Russ on the Radio! Russ was a guest speaker on KSCO “money moves” talk show last Thursday, May 12.
5. Choosing a policy that is inconvenient or an agent or company that is hard to communicate with. You should choose a policy that “clicks” with you. Choose the coverages that are important to you. Options like towing and road service, auto medical, rental car reimbursement, and original manufacturer replacement parts are all convenient coverages, but can be redundant (if you have health insurance, you might not need auto medical, if you have membership in an auto road club, you might not need towing) Also, choose a payment plan that is right for you. There are many options, like annual payments, monthly payments, or automatic payments (EFT). Communicate with your agent. Don’t let your policy go out of force!
4. Spending too much on insuring your car, carrying too low of a deductible, or insuring physical damage on a car with a low value. In the event of a total loss, all insurance companies pay Actual Cash Value (ACV) not replacement cost. Actual Cash Value is the depreciated market value of the vehicle. You should research your car online, to get an idea of how much cars like yours sell for in your area. Then decide if it is cost effective to carry comprehensive and collision coverage.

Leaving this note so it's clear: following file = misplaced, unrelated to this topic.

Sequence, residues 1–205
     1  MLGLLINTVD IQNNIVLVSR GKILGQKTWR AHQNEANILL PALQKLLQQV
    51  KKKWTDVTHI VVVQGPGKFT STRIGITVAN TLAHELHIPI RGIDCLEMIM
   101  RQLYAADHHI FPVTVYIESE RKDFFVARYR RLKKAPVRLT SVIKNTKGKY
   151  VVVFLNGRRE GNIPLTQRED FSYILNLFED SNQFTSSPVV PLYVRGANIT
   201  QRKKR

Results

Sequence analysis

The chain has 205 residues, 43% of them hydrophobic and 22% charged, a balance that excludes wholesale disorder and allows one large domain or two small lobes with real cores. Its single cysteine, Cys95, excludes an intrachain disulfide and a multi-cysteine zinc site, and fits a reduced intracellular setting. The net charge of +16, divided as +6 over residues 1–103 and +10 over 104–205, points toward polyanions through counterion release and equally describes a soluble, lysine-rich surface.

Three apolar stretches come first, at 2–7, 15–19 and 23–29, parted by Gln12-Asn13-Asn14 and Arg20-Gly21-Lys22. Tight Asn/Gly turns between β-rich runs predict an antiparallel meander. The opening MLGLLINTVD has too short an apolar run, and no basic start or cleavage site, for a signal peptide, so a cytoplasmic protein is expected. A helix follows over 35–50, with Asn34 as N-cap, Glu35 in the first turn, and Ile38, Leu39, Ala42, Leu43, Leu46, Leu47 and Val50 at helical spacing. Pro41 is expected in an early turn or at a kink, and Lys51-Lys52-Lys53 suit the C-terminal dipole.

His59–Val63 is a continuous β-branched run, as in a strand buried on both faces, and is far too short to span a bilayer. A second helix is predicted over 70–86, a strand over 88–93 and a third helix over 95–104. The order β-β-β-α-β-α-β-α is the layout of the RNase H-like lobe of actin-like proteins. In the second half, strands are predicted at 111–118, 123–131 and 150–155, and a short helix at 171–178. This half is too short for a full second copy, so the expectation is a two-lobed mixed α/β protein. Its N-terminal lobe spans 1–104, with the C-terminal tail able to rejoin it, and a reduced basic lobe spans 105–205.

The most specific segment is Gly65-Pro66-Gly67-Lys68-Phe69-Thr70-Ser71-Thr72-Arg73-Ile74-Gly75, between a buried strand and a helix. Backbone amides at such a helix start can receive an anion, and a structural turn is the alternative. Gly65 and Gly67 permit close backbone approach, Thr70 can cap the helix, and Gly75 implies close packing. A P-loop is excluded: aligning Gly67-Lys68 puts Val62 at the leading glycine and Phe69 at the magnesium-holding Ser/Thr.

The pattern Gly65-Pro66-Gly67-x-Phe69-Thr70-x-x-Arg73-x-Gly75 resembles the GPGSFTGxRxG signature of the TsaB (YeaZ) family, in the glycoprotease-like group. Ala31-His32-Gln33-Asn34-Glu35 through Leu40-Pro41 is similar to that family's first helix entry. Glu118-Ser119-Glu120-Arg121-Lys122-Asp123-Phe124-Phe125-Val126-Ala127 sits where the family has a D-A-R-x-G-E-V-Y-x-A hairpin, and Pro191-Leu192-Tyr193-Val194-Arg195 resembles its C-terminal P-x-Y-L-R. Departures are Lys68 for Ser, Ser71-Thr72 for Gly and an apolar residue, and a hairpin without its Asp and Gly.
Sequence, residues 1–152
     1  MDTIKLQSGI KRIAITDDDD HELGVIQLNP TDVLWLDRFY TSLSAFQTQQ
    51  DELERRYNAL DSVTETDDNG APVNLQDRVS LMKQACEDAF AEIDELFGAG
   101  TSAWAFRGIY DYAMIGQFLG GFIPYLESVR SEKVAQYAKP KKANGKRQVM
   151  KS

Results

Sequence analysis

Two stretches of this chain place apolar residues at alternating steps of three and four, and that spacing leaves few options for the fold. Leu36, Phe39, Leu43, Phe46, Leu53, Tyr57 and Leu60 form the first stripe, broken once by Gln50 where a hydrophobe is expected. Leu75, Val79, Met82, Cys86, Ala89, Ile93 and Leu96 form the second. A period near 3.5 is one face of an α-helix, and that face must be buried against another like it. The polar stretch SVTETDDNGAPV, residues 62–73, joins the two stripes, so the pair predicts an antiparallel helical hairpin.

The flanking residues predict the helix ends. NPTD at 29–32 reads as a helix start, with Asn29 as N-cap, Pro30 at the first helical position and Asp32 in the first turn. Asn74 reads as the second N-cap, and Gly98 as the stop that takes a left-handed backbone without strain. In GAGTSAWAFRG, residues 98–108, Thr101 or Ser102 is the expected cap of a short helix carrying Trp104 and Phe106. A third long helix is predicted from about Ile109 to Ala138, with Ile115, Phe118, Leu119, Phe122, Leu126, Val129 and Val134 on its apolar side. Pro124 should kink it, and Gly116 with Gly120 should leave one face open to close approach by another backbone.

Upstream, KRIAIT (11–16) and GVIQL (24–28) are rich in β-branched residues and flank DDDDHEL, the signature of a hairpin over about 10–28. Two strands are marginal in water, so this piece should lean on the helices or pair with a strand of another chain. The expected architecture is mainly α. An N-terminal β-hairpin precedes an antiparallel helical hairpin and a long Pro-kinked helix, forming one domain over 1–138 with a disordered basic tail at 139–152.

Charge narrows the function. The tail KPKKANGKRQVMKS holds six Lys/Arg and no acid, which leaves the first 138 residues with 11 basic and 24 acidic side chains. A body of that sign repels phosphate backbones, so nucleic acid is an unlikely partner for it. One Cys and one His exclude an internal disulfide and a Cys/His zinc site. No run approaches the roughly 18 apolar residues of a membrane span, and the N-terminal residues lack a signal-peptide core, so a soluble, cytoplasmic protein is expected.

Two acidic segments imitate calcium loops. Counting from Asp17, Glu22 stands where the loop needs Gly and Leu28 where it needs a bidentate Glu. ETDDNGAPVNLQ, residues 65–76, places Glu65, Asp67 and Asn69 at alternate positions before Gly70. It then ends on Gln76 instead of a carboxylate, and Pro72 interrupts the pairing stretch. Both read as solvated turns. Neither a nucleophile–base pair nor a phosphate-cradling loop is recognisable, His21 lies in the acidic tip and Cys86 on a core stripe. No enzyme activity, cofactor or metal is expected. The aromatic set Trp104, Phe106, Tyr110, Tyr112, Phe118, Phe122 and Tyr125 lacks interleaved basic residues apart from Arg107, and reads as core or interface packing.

3. Not understanding who is covered. Who is defined as a named insured? You should check the contract, to understand who is covered to drive your car. Do you have permissive use on your policy? Or is your policy a “named driver” policy? Who is excluded? If you are not feeling well, and your friend drives your car home, are they covered to drive your car? Take the time to read your policy.
2. Carrying lower UM coverage or carrying uninsured motorist and underinsured motorist coverage that does not match your liability limits. You can lose everything you have if you’re hit by someone with no insurance, or not enough insurance. You should carry the same limits of uninsured/underinsured motorist (UM) coverage that you carry for liability. There is a chance you might become disabled, short term or long term because an uninsured driver collided with you. Your UM coverage would help to pay your medical bills, and loss of income if you are unable to work, so make sure your UM matches your liability limits. Remember: 25% of drivers on the road in California are uninsured! (Study conducted by the Insurance Research Council, published in the Insurance Journal, on-line)
1. Carrying the state minimum limits of liability. If you cause an accident, you may find that the liability limits you purchased are not sufficient to protect your assets. The state minimum limits of 15,000 per person, 30,000 per accident, and 5,000 property damage is simply not enough liability coverage in today’s world. The law was passed in the early 1940s and the limits have never been raised to keep up with inflation, and the high cost of medical bills, and auto repairs. You should make sure you have enough coverage to protect your assets and your future earnings. Everything you have is at risk every time you or someone else drives your car! Not carrying enough liability coverage is the number one mistake people make regarding auto insurance.